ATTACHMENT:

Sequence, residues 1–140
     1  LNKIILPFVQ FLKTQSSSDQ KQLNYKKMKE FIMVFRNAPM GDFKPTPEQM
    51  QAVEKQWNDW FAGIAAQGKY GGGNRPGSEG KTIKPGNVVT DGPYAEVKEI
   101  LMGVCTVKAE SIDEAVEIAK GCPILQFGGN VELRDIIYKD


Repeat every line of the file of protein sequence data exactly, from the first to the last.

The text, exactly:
Sequence, residues 1–140
     1  LNKIILPFVQ FLKTQSSSDQ KQLNYKKMKE FIMVFRNAPM GDFKPTPEQM
    51  QAVEKQWNDW FAGIAAQGKY GGGNRPGSEG KTIKPGNVVT DGPYAEVKEI
   101  LMGVCTVKAE SIDEAVEIAK GCPILQFGGN VELRDIIYKD